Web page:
Cat Ba Island Is A Must When Visiting Halong Bay
The Adventures of The Roving Route #23
Cat Ba Island is absolutely gorgeous! We highly suggest anyone who is going to Halong Bay to spend the time to get across to the island.
This island is massive with dense jungles, steep rock cliffs, many caves, and during the time we visited, no tourists. The best way to explore the island is on a motorbike, and luckily our special guest, Margot, was excited to give it a try. Jumping on to two bikes, we set off for a few days of exploration! Almost two-thirds of this island is conserved as a national park and is the sole home to the world's most endangered primate. With only 60 left in the world, they are extremely hard to find but we still tried. Inside the national park, there are a number of things to do including a few KM hike to the top of one of the tallest mountain peaks. Though it was a tough climb, the views from the top were absolutely worth it.
Just up the road was the first of two caves we explored. Many of the caves through Vietnam are different than what we have experienced in the past. They are more like tunnels then large rooms that we are used to. Trung Trang Cave is a few hundred metres long and varies from just a few feet tall to big enough to fit a multi-story house! As the coronavirus has severely impacted tourism to the island, we had the passage mostly to ourselves. The strangest thing about the cave was the variance in temperature. Nearly all the caves we have explored are quite cool. This cave was freezing cold in some sections but nearly the temperature of a sauna in others! It was a very odd phenomenon.
The second cave of the day is known as Hospital Cave. During the Vietnam War, Cat Ba Island was the site of extensive US bombings. Between 1963-1965, residents of Cat Ba built an entire hospital and living quarters inside a massive cave. For over a decade, 50 nurses/doctors lived within its walls and supported the hundreds of soldiers who lived on the island. During the days of bombings, over 2,000 villagers would also call the space home. The front wall of the hospital and residence is made of several feet of cement with a massive metal bomb-proof door. It was just another example of the efforts and resilience of the Vietnamese people during the years of war.
The next day we hopped onto our bikes again and zoomed off towards the coastal highway. For anyone who has driven the Great Ocean Road in Australia or Highway 1 in California, this route felt quite similar. Steep mountains rise right out of the water with a thin highway snaking its way around them. A motorbike was the perfect way to explore the coastline so we are happy we were all able to put our fears aside and motor through.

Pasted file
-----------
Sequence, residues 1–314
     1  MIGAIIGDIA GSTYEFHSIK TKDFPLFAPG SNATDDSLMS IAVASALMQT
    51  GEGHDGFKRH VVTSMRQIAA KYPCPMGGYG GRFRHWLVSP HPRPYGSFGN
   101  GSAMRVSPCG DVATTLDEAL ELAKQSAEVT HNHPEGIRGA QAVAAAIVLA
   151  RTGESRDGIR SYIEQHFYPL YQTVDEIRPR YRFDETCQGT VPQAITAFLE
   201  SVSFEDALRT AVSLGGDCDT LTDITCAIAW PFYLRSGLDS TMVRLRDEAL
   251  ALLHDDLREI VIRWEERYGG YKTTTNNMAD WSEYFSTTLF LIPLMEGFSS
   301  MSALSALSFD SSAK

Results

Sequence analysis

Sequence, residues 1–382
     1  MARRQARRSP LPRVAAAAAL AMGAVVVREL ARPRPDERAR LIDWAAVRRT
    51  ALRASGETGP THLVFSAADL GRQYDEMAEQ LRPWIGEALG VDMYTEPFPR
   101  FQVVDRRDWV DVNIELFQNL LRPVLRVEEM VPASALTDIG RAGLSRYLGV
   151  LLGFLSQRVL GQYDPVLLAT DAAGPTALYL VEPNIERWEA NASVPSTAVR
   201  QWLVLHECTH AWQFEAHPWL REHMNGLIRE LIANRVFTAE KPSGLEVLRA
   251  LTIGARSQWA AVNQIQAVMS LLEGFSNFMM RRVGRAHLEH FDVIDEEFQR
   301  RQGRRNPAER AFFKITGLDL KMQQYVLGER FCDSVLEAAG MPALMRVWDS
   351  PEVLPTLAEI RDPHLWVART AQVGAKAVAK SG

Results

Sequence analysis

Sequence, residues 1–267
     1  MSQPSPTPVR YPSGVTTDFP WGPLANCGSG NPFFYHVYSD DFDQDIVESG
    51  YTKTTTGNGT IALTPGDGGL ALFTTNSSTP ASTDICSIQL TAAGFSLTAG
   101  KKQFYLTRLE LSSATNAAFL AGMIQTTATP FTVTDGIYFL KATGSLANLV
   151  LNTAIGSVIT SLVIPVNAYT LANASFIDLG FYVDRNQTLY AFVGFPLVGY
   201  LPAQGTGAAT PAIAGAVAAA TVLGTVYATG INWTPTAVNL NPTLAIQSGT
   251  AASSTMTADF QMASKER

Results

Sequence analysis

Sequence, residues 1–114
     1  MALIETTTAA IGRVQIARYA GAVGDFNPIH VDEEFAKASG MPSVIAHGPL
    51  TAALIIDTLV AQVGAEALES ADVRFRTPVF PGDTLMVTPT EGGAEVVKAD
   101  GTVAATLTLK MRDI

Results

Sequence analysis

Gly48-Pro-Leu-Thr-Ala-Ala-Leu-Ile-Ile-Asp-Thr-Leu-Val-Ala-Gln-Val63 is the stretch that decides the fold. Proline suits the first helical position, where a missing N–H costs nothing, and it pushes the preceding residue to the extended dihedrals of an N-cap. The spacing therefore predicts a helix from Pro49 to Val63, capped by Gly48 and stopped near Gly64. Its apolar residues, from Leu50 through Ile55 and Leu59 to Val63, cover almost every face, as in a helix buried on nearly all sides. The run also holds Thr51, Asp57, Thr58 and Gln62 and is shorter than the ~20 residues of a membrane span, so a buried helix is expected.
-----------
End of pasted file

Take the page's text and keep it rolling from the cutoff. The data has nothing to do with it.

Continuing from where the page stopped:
With Margot's time in Vietnam coming to an end, we returned back to Hanoi. We started by taking her around to a number of our favourite restaurants as we had spent over a week in Hanoi at the end of January. We were even able to check out one of Vietnam's most important and interesting art forms - a water puppet show. Starting in the 11th century, northern Vietnamese people would flock to the flooded rice fields and put on comedy based puppet shows for each other. These slowly evolved into the "royal" art form that it is today. Water puppets are unique as they are controlled from below. A stage is set up with puppeteers standing in waist-deep water behind a curtain. Each has a long bamboo pole with a puppet on top that can swivel and jump. Using these puppets, stories are told that are often based on local life or folk religion. To help tell the story, a full band and multiple singers have a stage to the side.
With less than 2 months left on our Vietnamese visa, we left what is considered Northern Vietnam (though we are technically still north of the DMZ). Phong Nha is close to the Laos border though you do have to cross some of the thickest mountain jungles in the world to arrive! The area has sprung to worldwide fame in the past 2 decades thanks to the discoveries of several of the world's largest caves. To get over 500 KMS south, we had to hop onto an overnight train and then a bus. As trains are probably the most expensive thing in Vietnam (matched with European prices) we had to opt for chairs for the 10-hour journey. Lucky this was not our first rodeo and we have pretty much mastered long-distance train travel! As most things that we carry need to have multi-purposes, we use our camera tripod as a tv stand!
We have plans to stay here for a few days exploring the many caves and the twisted roads of Phong Nha National Park and then move onto Hue, a former imperial city of Dong Ha, the closest city to the DMZ. It should be an exciting week so stay tuned for our next update!
Cheers from Phong Nha,
The Roving Route